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Female Gametophyte of Microcycas
Lillian Grace Reynolds
Vol. 77, No. 4 (Jun., 1924), pp. 391-403
Published by: The University of Chicago Press
Stable URL: http://www.jstor.org/stable/2469738
Page Count: 15
You can always find the topics here!Topics: Gametophytes, Cell nucleus, Ovules, Megaspores, Eggs, Cytoplasm, Canals, Cell walls, Plant cells, Cell growth
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1. The ovules were not young enough to show the megaspore mother cell or the megaspores, the youngest stage of the female gametophyte showing free nuclear condition in the megaspore. 2. In older ovules, nuclear division has increased the number of free nuclei, while at the periphery some of the nuclei are already enclosed by walls. Still older ovules show the gametophyte to be completely cellular. 3. The number of chromosomes is twelve, although occasional nuclei have fourteen. 4. The megaspore membrane increases in thickness from 1.5 μ in August to 3 μ in October, and thereafter decreases to 1.0 μ in March. 5. The cells of the nucellus adjacent to the gametophyte are early organized into a nutritive jacket, which persists until the middle of December. 6. The vascular bundles belonging to the inner fleshy layer of the ovule divide and give rise to branches which enter the nucellus. 7. The archegonial initials are distinguishable about the latter part of November. They are scattered in groups over the surface of the gametophyte, but only those at the micropylar end develop, The remaining initials may divide and become almost unrecognizable among the other gametophyte cells, or may become merely multinucleate. 8. The development of the archegonia is the same as in other cycads, with the exception that in some cases a ventral canal cell is formed. 9. Haustoria from the egg protrude through pores in the egg membrane into the cells of the archegonial jacket which surrounds each archegonium. 10. The archegonial chamber is a shallow depression occurring late in the development of the gametophyte, and is not nearly so highly developed as in the other genera. 11. Microcycas should be regarded as one of the more advanced cycads.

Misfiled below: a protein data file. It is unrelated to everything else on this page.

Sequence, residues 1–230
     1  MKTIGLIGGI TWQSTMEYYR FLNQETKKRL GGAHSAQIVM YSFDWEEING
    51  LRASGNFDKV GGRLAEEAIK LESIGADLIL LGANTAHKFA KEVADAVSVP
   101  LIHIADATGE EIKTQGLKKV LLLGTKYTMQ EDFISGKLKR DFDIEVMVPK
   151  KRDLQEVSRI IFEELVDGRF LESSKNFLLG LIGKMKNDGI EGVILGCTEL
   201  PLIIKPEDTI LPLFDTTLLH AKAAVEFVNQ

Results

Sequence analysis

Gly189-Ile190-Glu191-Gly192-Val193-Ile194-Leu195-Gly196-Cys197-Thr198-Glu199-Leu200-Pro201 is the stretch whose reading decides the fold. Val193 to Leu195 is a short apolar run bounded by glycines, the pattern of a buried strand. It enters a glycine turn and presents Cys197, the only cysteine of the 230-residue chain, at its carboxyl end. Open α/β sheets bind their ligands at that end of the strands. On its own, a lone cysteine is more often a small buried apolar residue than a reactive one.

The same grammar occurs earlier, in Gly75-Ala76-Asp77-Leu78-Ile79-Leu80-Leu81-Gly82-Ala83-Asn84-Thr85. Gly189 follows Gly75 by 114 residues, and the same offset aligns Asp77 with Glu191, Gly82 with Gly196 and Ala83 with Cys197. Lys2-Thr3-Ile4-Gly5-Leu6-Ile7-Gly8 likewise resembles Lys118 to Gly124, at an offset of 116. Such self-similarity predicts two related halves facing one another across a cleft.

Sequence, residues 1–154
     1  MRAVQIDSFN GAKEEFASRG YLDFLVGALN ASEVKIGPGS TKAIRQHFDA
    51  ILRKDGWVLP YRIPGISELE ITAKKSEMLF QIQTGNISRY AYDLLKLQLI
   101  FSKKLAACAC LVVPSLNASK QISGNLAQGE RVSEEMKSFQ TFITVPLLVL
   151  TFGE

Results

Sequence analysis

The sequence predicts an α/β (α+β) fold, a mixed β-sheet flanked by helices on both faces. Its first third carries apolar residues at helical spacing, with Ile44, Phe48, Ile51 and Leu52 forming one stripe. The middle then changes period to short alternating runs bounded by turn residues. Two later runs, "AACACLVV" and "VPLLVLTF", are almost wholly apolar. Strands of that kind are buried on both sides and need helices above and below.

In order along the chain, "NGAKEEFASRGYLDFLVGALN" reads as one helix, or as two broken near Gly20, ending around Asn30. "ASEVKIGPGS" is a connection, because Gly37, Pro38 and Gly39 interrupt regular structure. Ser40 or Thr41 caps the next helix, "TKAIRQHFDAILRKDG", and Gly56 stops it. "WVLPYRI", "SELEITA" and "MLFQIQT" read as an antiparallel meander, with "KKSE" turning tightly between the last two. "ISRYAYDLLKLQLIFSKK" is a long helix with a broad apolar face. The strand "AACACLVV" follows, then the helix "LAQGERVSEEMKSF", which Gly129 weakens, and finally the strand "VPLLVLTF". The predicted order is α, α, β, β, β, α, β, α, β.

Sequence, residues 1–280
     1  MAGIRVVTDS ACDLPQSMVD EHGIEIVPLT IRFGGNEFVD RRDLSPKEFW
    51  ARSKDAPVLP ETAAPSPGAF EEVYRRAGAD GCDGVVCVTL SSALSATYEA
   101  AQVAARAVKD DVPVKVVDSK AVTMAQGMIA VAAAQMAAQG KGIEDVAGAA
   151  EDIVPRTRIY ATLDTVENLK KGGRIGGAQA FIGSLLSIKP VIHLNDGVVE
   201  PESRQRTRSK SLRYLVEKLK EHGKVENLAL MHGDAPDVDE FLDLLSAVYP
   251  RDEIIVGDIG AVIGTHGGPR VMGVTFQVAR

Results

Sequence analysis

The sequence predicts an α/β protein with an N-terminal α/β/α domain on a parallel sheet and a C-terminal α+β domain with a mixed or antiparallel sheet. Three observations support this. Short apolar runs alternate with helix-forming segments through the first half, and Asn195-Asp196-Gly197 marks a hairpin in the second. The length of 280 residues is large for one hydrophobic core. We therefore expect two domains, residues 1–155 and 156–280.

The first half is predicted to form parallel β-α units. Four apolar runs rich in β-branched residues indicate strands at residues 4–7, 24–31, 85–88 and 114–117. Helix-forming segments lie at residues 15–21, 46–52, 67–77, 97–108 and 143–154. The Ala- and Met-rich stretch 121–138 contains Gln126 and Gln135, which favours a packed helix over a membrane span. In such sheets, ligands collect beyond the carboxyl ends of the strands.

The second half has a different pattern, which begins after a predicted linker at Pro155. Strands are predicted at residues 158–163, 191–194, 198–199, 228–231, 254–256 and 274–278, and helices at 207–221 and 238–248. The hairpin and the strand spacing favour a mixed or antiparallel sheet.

Botanical Gazette © 1924 The University of Chicago Press